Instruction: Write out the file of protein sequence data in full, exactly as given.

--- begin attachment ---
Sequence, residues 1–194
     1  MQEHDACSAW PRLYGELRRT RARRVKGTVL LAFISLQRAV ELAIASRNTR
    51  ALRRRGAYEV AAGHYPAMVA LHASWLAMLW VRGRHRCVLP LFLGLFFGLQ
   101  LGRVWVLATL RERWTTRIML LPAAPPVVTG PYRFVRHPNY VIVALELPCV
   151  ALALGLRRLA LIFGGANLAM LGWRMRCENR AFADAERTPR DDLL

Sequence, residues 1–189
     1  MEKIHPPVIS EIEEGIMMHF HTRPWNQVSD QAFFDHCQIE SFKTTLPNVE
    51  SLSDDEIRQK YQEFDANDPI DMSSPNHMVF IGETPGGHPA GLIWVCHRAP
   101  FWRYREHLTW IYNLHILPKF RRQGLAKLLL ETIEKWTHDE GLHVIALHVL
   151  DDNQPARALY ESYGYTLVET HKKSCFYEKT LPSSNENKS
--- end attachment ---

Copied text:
Sequence, residues 1–194
     1  MQEHDACSAW PRLYGELRRT RARRVKGTVL LAFISLQRAV ELAIASRNTR
    51  ALRRRGAYEV AAGHYPAMVA LHASWLAMLW VRGRHRCVLP LFLGLFFGLQ
   101  LGRVWVLATL RERWTTRIML LPAAPPVVTG PYRFVRHPNY VIVALELPCV
   151  ALALGLRRLA LIFGGANLAM LGWRMRCENR AFADAERTPR DDLL

Sequence, residues 1–189
     1  MEKIHPPVIS EIEEGIMMHF HTRPWNQVSD QAFFDHCQIE SFKTTLPNVE
    51  SLSDDEIRQK YQEFDANDPI DMSSPNHMVF IGETPGGHPA GLIWVCHRAP
   101  FWRYREHLTW IYNLHILPKF RRQGLAKLLL ETIEKWTHDE GLHVIALHVL
   151  DDNQPARALY ESYGYTLVET HKKSCFYEKT LPSSNENKS